Australia has some of the world’s last great wilderness areas, with nearly a billion acres remaining largely unaltered by the expansion of industrial civilization. Around that core of wild lands, hundreds of millions more acres are healthy enough that they can still support the maintenance of resilient ecosystems.

In addition to its terrestrial treasures, Australia has some of the world’s most intact marine areas. Its tropical waters include the Great Barrier Reef, one of the world’s iconic marine systems. In addition, its southern temperate waters are highly biodiverse, with many species restricted to those seas. Australian marine areas include productive and diverse areas in both tropical and temperate seas that remain relatively undisturbed.

Australia’s wilderness harbors an astonishing and exotic array of plant and animal species, many of which are endemic, existing only in that one place in the world. Indeed, Australia ranks first among all nations in total number of uniquely native mammal and reptile species, and among the top five countries in total numbers of endemic plants, birds and amphibians.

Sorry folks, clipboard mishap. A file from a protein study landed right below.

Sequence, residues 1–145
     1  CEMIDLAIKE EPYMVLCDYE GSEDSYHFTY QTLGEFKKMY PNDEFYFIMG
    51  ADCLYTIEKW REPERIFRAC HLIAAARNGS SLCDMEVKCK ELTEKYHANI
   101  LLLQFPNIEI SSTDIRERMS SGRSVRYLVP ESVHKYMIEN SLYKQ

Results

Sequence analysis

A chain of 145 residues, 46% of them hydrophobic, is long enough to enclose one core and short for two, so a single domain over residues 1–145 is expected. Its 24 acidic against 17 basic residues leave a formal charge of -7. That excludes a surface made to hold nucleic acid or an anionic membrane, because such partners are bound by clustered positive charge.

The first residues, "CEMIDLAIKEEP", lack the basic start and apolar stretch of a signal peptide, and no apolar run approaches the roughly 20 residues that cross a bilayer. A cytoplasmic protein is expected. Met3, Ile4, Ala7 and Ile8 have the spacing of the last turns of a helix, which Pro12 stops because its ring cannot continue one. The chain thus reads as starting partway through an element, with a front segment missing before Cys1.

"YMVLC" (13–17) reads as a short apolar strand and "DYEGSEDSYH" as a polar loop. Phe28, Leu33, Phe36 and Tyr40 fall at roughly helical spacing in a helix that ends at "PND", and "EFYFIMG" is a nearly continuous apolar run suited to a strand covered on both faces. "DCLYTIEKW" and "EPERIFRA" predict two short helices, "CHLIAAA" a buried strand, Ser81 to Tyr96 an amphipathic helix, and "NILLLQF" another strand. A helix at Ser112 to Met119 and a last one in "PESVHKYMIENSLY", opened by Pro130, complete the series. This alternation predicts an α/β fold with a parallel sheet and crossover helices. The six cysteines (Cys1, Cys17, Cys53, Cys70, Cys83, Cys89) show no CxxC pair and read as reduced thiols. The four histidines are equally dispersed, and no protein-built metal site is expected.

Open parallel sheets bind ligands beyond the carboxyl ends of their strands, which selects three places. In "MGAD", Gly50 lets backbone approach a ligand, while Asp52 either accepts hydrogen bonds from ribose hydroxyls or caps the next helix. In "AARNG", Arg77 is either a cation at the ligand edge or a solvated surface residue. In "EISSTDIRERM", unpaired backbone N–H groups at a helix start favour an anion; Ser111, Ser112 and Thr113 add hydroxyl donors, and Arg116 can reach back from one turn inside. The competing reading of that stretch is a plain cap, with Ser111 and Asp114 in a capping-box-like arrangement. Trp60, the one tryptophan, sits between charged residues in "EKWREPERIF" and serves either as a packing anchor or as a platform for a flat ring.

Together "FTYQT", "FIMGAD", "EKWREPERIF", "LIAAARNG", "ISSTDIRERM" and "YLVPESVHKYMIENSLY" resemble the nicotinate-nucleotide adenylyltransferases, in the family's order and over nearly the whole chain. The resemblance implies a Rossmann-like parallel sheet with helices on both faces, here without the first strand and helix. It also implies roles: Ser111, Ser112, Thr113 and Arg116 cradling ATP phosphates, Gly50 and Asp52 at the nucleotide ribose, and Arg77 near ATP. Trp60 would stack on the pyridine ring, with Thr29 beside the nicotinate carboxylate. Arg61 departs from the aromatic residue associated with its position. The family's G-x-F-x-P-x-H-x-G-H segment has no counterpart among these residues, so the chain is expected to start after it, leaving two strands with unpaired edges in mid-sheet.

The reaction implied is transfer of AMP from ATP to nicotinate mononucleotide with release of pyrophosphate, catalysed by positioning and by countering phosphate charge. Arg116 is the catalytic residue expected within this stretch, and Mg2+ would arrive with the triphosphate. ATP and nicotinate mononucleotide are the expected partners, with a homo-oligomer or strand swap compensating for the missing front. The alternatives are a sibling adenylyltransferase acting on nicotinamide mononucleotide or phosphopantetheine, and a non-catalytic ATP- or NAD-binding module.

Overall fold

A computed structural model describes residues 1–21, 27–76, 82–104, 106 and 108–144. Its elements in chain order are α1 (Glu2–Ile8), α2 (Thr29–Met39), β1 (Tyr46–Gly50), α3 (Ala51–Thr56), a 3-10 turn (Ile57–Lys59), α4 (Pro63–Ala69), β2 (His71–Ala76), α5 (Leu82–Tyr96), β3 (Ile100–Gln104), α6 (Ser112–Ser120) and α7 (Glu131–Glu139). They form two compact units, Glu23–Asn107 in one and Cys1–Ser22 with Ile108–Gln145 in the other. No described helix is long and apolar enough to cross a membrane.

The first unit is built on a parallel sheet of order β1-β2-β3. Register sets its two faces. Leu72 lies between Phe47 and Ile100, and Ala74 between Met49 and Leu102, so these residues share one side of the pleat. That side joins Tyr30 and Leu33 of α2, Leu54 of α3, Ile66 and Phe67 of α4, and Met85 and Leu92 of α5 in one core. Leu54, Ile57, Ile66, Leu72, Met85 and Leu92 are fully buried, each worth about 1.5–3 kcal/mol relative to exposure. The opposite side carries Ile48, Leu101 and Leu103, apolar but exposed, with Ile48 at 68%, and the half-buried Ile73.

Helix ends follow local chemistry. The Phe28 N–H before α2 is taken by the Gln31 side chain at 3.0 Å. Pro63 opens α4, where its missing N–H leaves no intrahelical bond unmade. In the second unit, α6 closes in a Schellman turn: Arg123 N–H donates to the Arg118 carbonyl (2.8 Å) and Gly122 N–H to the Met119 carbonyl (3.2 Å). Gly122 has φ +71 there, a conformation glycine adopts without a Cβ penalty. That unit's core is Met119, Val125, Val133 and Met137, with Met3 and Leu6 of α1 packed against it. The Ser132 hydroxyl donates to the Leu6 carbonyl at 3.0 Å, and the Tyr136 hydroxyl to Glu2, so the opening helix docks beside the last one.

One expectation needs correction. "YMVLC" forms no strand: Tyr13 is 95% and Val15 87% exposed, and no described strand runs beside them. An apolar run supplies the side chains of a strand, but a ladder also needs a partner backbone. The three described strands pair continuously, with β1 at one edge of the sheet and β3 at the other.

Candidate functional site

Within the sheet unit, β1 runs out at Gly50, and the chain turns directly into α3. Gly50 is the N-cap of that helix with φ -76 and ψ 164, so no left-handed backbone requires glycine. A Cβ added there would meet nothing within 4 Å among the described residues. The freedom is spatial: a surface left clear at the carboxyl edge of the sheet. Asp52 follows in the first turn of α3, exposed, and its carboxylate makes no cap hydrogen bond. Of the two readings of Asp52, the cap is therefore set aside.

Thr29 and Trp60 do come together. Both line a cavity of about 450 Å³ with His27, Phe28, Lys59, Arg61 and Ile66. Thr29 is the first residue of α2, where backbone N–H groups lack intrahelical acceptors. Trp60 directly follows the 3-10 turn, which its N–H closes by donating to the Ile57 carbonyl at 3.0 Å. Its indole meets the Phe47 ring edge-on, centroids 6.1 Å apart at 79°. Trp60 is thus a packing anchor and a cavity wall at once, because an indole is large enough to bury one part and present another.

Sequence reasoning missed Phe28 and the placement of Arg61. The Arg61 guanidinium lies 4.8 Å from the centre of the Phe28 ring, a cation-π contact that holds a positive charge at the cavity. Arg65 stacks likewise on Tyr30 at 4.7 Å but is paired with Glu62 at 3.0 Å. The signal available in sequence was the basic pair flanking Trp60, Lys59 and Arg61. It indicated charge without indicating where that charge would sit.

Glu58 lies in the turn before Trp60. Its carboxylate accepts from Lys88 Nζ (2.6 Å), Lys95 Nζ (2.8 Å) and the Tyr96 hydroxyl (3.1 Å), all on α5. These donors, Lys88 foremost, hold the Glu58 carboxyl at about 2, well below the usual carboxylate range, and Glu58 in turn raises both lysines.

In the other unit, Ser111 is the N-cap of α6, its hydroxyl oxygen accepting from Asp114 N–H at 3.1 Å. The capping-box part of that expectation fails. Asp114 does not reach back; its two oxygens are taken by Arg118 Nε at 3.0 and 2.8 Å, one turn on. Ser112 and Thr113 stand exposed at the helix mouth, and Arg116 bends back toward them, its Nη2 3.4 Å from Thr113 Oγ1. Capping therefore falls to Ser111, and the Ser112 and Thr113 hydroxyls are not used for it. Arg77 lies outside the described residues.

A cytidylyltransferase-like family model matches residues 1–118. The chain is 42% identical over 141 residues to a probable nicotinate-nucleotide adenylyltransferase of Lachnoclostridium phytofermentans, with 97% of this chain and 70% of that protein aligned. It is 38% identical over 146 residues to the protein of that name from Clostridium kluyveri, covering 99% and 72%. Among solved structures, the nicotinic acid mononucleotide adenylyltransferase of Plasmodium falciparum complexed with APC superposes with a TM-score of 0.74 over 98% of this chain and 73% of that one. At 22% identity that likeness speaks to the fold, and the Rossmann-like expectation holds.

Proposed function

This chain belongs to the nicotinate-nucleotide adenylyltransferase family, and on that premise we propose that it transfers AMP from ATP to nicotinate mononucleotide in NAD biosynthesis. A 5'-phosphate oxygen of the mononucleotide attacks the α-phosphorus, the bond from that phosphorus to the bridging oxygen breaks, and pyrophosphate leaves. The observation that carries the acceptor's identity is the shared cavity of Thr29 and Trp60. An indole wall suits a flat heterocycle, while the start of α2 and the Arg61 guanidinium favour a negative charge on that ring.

Although there are several ambitious biodiversity or wilderness conservation efforts underway in Australia, not nearly enough is being done. Pew has developed and supported the Australia program, which will be an ambitious, three-year effort to identify and protect large wilderness and marine areas of outstanding biodiversity significance in Australia.

Photo: Copyright 2008, John O’Neill 
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